Me: What’s your background? What did you do before you started writing?
JW: I worked in the fashion industry. That was my childhood aspiration. I went to college in
Me: What made you want to write Christian fiction?
JW: A few years after I gave up on fashion, a new Harry Potter book came out, followed by another barrage of debates within the church community as to whether or not the books were evil. The debate inspired me to write my own teen novel that all Christians would love. Yes, I was a bit naive. I have since learned that no one likes every book, especially those with faith elements in them. But that’s how I got started. I was inspired to try and write fast-paced adventure stories for teens that glorified God.
Me: What’s your all-time favorite book? Speculative fiction book? Christian fiction?
JW: It’s impossible for me to choose one book as a favorite. One of my favorites is To Kill a Mockingbird. That story amazes me in so many ways. Even the title is perfect.
I read a few Christian romance novels that some ladies at my church were passing around. But the first Christian speculative fiction novel I ever read was Frank Peretti’s This Present Darkness. It opened up a whole new realm of possibilities for me.
Me: What’s your favorite speculative genre to write? To read?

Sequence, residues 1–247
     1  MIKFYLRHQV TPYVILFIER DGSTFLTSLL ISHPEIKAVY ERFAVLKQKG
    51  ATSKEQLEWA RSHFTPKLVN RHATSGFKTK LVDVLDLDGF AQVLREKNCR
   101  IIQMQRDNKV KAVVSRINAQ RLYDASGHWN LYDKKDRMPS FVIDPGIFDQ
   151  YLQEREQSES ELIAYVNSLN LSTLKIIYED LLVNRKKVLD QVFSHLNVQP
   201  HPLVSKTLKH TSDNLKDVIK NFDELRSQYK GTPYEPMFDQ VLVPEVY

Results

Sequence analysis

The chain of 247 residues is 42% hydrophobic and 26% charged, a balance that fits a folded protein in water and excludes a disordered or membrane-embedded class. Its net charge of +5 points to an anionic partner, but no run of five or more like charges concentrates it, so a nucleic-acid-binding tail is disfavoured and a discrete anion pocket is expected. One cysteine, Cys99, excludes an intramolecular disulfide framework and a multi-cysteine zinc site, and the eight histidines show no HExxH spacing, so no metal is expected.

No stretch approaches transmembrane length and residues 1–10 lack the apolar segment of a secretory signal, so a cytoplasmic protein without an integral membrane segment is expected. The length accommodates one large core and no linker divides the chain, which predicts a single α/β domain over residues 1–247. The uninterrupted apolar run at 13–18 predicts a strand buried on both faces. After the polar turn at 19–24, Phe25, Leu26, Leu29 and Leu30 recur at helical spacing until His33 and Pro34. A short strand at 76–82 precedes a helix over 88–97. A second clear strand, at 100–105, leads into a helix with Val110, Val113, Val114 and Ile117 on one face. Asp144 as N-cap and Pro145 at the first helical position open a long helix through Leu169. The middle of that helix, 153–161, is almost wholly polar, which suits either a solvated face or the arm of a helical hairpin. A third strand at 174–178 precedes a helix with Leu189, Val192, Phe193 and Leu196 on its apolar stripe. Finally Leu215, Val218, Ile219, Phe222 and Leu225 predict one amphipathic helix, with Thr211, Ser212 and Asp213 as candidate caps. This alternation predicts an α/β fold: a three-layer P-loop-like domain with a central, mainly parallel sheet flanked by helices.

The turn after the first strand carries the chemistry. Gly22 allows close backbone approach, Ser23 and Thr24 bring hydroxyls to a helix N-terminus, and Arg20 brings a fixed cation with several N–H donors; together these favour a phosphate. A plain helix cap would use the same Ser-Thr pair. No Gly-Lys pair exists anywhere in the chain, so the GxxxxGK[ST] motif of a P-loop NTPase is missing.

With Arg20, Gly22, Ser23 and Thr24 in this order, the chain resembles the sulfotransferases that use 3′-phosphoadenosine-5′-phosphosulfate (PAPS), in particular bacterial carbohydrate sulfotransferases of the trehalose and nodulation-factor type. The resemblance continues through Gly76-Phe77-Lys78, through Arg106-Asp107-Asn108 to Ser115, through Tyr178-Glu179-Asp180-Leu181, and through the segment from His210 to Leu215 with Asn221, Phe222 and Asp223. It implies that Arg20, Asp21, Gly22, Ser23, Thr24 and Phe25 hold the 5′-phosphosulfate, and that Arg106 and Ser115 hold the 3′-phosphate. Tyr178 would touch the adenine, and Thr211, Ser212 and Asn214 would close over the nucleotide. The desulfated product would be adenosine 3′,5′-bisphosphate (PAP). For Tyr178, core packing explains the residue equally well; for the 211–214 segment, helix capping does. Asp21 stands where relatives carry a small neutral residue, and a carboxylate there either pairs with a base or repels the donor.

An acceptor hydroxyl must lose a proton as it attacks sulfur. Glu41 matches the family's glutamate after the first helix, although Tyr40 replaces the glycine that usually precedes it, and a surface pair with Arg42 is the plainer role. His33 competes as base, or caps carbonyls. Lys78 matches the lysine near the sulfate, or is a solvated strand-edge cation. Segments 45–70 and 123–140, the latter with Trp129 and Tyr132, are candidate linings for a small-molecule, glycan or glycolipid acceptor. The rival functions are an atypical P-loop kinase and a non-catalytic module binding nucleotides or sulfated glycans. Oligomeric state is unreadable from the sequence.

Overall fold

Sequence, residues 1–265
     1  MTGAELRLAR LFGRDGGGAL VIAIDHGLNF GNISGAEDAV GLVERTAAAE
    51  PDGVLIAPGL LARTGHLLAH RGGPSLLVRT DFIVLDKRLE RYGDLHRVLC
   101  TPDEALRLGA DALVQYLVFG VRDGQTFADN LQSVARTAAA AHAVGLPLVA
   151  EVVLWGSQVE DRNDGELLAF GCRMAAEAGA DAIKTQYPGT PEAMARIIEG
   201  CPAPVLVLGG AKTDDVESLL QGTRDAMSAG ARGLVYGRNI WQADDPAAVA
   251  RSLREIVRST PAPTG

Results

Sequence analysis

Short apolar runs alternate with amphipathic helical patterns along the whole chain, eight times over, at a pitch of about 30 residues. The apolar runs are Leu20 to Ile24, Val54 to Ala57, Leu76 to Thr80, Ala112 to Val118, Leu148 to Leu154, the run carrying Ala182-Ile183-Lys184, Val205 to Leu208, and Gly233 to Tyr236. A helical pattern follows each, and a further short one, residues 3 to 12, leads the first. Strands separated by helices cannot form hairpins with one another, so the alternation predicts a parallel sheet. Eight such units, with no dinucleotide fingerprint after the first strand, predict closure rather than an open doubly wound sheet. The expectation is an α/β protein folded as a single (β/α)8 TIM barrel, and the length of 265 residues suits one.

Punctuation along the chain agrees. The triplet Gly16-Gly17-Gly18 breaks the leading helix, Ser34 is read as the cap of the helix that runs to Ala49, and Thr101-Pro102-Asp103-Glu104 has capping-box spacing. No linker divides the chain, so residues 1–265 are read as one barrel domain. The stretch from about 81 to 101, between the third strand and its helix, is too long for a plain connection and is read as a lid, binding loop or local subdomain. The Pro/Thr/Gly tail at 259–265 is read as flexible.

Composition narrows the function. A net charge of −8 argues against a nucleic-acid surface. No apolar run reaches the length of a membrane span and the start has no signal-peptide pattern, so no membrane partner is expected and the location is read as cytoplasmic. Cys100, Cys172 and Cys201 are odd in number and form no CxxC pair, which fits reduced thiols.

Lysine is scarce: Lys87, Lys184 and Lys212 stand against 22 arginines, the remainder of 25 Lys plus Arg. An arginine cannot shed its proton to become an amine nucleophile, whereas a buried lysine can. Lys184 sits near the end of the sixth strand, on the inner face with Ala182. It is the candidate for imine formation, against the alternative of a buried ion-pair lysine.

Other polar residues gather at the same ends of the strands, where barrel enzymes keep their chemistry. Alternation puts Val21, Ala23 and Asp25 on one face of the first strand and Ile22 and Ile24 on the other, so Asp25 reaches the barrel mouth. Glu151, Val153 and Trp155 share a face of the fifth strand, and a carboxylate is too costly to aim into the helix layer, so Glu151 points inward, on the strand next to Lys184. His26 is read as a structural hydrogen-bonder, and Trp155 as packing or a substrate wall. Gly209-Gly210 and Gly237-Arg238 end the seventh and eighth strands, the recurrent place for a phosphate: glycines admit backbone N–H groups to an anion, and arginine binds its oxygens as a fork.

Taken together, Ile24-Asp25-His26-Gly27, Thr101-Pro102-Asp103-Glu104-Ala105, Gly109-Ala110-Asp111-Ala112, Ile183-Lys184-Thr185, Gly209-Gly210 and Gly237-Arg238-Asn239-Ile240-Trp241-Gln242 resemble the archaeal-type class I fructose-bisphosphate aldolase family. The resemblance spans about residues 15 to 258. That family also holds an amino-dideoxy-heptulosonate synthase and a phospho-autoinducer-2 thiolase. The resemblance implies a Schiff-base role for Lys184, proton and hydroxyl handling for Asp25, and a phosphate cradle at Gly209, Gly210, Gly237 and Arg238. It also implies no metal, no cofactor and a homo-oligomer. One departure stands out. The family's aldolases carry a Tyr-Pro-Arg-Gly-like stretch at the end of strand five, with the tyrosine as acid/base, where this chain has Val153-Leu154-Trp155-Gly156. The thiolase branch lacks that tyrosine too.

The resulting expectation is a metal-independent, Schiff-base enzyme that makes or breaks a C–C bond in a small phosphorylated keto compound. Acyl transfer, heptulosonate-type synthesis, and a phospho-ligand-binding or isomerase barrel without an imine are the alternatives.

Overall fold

JW: I like to write medieval fantasy the most. It’s so much fun to create a new world with maps and languages and creatures. I like to read urban fantasy, though. Weird stories that take place in our backyards. It’s a lot of fun. And honestly, I read mostly young adult novels.
Me: If you could collaborate on a story with any author, who would it be and why?
JW: Umm. I don’t know how I’d do at something like that. I’m used to being the boss in my job. I might be able to write something with Jeff Gerke since I’ve been taking advice from him for the past two years. He’s brilliant about story and picking up on things I’ve totally missed. He could come up with the idea and I could draw the map.
Me: What is the "Jill Williamson" writing process? Outline first? Fly-by-the-seat-of-your-pants?
JW: I brainstorm first. I try to come up with an original premise. Then I try to come up with five sentences that encompass my beginning, my three act structure, and how the story will end. I spend some time coming up with character’s names and backstories, so I know who these people are. If it’s fantasy or science fiction, I must draw a map. If it’s contemporary, sometimes it helps to draw a floorplan of the main location. Then I’m ready to start writing. I try to write the whole story as fast as I can. In a month or less if possible. Then I can take my time fixing things and rewriting.Me: What books and/or courses influenced your writing the most?
JW: Craft-wise, I learned the most from Randy Ingermanson’s Fiction 101 and Fiction 201 and from the book Self Editing for Fiction Writers by Browne and King. I also learned tons from reading fiction novels.
Part two of the interview will be posted tomorrow, so be sure to stop back. In the meantime, swing by the other tourists and see what they have to say:
R. L. Copple
CSFF Blog Tour
D. G. D. Davidson
Rebecca LuElla Miller
New Authors Fellowship
Rachel Starr Thomson